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California Gold Rush Country
The California Gold Rush Country is a region in northeast California famed for the mines and mineral deposits that brought the '49ers west for the California Gold Rush. It's made up of nine counties, including scenic Calaveras County. The county was also made famous worldwide when in 1865 Mark Twain wrote of the "Celebrated Jumping Frog," a contest that endures to this day. Located in the foothills of the Sierra Nevada Mountains, 133 miles east of San Francisco and 135 west of Lake Tahoe, the county lies midway along State Highway 49, which connects the towns of the Gold Rush Country. It is filled with natural and historic diversity. The topography of the county varies from ranch land, through a foothill environment, to the high Sierra Nevadas.

The county is a great place to buy a primary or vacation home, with 19 and counting award-winning wineries, six alpine lakes for water skiing, canoeing, kayaking, and camping, Bear Valley Mountain Resort, and world-class golf courses. Calaveras also boasts three caverns, Big Trees State Park, fine arts, live indoor and outdoor theater, two large venues for concerts and other large events plus great dining and lodging.

Murphys
The median price for a single-family home in the county is $412,500, but multi-million-dollar properties are available in such towns as picturesque Murphys, known as "the Queen of the Sierra." With approximately 2,000 residents, Murphys lies in the Sierra Nevada foothills between Lake Tahoe and Yosemite National Park. The village offers a historic main street, retaining the charm of yesteryear, which is canopied by towering elm trees. It also features numerous award-winning wineries, each with a tasting room open to the public, art galleries, live theater, eclectic shops, wonderful restaurants, and charming hotels and bed-and-breakfasts. It is just a short drive to numerous recreational opportunities.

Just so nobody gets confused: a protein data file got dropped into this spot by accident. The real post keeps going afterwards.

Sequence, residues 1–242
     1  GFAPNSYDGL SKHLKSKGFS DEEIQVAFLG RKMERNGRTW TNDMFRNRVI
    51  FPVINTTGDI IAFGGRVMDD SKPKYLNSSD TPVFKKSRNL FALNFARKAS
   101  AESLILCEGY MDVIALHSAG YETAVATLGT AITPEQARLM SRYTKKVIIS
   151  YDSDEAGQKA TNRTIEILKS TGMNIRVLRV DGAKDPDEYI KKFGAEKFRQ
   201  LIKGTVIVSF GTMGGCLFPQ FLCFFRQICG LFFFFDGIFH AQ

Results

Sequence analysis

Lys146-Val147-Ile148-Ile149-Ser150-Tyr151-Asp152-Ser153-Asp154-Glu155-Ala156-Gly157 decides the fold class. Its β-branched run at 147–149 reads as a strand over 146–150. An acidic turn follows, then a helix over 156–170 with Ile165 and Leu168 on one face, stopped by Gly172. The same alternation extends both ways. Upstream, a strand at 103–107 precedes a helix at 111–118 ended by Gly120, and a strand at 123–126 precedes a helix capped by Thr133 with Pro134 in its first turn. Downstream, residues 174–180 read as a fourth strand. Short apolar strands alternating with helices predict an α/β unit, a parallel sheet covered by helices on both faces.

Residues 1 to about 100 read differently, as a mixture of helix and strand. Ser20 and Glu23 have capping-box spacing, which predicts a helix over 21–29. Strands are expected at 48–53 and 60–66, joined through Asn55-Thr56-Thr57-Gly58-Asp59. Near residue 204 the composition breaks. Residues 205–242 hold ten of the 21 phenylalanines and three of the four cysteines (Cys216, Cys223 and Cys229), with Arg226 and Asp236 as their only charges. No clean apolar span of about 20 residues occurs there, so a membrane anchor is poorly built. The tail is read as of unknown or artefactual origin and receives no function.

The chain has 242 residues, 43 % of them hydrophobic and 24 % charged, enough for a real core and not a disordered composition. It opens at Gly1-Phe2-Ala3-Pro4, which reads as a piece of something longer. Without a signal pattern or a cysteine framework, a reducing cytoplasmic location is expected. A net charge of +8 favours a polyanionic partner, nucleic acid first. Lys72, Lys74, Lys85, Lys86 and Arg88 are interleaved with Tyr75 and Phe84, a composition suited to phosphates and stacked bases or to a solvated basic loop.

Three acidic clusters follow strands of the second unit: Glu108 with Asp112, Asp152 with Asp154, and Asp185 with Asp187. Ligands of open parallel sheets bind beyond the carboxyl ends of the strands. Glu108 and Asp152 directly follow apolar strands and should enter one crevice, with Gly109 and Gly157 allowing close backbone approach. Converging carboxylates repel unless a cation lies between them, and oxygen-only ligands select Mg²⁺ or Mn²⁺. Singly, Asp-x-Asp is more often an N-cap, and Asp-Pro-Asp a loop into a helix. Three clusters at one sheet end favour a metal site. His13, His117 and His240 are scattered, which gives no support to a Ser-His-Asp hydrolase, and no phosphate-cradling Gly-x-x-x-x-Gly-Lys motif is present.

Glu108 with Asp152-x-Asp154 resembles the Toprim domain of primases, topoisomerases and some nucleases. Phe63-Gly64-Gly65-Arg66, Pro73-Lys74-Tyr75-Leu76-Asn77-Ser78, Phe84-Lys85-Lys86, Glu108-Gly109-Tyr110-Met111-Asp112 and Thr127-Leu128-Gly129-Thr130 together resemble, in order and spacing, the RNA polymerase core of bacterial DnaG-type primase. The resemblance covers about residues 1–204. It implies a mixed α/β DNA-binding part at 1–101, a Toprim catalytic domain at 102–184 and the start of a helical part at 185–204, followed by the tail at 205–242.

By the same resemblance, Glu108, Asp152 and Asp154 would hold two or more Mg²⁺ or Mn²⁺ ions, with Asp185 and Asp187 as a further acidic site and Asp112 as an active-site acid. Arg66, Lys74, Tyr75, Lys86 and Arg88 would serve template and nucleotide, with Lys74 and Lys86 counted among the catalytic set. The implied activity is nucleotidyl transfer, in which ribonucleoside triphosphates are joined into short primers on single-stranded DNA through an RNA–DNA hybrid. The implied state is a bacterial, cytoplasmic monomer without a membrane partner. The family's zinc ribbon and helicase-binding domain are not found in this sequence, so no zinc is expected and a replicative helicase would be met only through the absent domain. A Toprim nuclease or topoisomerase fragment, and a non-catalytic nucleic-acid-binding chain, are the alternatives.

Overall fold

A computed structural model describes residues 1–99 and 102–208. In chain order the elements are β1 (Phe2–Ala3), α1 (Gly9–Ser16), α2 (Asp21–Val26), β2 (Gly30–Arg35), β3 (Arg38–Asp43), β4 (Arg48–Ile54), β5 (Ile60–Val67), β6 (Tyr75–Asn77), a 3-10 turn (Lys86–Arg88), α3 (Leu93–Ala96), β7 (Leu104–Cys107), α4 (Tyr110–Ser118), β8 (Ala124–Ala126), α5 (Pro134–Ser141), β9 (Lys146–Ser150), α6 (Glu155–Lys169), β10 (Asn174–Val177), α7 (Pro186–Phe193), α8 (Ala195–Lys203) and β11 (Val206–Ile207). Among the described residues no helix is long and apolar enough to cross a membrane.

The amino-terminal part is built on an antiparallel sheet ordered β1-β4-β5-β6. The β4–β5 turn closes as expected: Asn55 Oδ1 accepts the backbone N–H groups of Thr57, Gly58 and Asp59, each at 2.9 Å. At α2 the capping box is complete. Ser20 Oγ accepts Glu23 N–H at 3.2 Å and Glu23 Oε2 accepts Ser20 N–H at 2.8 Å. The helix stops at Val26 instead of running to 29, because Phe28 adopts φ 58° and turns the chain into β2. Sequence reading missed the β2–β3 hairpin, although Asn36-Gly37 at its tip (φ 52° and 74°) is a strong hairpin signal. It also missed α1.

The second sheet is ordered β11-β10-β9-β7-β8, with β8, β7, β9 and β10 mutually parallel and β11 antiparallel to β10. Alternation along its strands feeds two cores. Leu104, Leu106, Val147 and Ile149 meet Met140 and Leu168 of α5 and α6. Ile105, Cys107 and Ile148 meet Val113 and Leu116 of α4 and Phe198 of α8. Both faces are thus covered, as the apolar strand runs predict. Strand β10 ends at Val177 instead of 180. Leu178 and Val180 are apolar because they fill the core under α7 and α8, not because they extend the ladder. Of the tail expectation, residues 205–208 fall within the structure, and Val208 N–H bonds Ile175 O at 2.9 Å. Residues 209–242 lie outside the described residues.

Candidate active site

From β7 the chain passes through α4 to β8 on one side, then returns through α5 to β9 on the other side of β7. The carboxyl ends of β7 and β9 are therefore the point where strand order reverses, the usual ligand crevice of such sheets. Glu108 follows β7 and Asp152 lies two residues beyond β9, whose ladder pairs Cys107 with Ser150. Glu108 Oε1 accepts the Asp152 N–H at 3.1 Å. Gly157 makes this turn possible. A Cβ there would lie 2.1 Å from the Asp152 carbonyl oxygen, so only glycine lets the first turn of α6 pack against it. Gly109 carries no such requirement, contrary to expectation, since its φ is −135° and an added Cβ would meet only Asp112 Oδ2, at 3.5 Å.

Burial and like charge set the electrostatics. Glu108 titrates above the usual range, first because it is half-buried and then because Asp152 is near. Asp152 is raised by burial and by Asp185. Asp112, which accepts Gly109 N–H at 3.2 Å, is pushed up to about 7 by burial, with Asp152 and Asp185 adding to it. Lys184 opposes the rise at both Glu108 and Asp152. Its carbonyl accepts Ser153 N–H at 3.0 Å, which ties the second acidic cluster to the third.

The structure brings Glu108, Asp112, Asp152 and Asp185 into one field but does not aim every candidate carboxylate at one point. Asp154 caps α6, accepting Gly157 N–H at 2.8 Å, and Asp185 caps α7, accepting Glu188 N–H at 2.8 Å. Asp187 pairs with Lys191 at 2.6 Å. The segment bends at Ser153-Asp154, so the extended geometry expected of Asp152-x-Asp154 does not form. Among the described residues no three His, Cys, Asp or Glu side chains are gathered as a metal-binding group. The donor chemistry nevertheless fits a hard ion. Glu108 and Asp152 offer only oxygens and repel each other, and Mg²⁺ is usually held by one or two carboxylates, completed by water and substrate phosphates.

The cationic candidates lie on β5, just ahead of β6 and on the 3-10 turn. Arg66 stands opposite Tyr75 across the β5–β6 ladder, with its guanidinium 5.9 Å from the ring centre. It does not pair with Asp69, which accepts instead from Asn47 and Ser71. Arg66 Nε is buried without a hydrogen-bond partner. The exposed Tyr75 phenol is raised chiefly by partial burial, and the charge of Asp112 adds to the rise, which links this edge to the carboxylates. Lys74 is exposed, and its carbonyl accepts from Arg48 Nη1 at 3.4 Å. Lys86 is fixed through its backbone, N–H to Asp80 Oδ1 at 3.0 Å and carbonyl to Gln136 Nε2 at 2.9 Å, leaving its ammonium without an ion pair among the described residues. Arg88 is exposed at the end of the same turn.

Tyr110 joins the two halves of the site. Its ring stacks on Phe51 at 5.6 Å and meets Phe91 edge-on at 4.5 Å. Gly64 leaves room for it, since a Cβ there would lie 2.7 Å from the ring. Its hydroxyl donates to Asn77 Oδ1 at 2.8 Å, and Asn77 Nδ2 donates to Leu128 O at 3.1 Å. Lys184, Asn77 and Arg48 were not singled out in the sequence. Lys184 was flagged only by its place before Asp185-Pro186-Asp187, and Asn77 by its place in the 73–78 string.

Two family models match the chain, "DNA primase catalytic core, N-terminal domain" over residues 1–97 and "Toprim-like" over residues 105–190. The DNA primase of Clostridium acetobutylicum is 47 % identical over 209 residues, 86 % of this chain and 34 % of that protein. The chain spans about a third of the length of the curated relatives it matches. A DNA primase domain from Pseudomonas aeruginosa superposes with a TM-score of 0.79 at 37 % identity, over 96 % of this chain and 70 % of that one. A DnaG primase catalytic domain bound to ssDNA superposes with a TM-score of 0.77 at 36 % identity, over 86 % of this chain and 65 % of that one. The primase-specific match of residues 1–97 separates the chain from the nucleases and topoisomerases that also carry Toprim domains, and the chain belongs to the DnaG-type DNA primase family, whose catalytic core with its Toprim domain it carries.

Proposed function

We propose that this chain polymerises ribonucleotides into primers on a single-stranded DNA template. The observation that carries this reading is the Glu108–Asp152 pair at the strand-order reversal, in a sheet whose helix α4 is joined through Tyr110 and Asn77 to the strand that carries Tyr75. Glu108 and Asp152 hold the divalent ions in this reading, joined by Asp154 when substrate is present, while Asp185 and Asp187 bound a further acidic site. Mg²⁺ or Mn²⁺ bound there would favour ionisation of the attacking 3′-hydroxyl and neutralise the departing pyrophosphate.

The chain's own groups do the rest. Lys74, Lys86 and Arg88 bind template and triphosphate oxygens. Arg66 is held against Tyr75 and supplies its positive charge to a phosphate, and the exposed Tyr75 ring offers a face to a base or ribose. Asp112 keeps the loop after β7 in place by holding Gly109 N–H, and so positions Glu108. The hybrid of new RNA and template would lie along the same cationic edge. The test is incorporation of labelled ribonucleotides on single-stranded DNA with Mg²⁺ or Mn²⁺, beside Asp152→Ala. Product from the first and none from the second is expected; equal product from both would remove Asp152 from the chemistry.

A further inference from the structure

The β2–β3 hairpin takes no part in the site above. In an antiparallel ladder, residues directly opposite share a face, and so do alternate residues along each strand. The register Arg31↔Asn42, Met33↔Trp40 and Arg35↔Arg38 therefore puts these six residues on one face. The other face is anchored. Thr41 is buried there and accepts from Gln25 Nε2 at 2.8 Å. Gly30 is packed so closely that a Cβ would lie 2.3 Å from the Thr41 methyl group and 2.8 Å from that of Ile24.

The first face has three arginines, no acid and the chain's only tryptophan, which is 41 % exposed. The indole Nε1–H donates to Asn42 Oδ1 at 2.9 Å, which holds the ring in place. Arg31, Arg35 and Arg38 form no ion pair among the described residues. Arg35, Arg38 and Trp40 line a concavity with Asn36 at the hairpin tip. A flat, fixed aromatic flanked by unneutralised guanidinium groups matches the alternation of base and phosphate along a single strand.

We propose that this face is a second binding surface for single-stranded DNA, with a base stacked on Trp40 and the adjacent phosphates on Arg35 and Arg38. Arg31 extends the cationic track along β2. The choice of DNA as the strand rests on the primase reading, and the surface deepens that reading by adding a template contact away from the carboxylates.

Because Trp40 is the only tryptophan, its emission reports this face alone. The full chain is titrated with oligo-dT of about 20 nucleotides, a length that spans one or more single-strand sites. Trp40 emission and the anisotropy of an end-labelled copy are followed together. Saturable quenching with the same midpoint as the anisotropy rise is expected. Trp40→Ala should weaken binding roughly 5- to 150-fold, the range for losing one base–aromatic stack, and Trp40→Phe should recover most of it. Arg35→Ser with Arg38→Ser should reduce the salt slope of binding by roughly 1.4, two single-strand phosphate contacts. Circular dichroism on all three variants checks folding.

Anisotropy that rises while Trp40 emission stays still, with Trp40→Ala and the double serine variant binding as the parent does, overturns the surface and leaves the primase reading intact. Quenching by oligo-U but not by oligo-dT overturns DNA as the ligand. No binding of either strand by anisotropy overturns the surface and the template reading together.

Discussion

Murphys is located at about 2,000 feet, ideally situated above the central valley fog but generally below the snow line. Its climate closely imitates that of some superb wine regions in France. The weather is pleasant and mild year-round, with temperatures ranging from the mid-30s to 60s during the winter and 70s to 90s during the summer.

The town is named for brothers Daniel and John Murphy, who settled the area in 1848 at the start of the California Gold Rush. These astute businessmen made their fortune by selling supplies to the throngs of gold miners who flocked to the area. Legend has it that both were millionaires by the time they were 25 years old.

Many of Murphys' original Gold Rush-era buildings are still in use today, including the Murphys Historic Hotel and Lodge, which once hosted such notables as General Ulysses S. Grant, Mark Twain, and Horatio Alger.

Story by Jacqueline Shannon
Photography courtesy of the Calaveras Visitors Bureau.


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